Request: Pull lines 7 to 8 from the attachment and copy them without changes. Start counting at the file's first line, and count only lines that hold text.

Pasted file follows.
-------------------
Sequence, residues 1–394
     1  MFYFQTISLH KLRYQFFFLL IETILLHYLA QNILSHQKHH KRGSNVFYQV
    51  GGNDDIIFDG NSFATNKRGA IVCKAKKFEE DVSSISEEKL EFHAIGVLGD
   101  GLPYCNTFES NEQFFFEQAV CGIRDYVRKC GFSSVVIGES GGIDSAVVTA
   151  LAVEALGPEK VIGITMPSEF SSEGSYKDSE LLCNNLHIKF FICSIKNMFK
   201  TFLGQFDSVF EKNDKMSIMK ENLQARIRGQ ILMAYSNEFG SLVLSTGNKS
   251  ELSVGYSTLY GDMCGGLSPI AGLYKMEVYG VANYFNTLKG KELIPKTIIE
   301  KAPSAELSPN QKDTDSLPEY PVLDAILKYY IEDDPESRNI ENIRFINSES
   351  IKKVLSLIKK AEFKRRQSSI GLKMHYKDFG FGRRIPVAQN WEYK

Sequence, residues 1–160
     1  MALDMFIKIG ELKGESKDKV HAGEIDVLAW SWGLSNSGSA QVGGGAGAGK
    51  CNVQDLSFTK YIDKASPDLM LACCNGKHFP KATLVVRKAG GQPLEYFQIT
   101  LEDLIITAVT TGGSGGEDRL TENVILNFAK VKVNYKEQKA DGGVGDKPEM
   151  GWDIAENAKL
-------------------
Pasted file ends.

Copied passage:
   251  ELSVGYSTLY GDMCGGLSPI AGLYKMEVYG VANYFNTLKG KELIPKTIIE
   301  KAPSAELSPN QKDTDSLPEY PVLDAILKYY IEDDPESRNI ENIRFINSES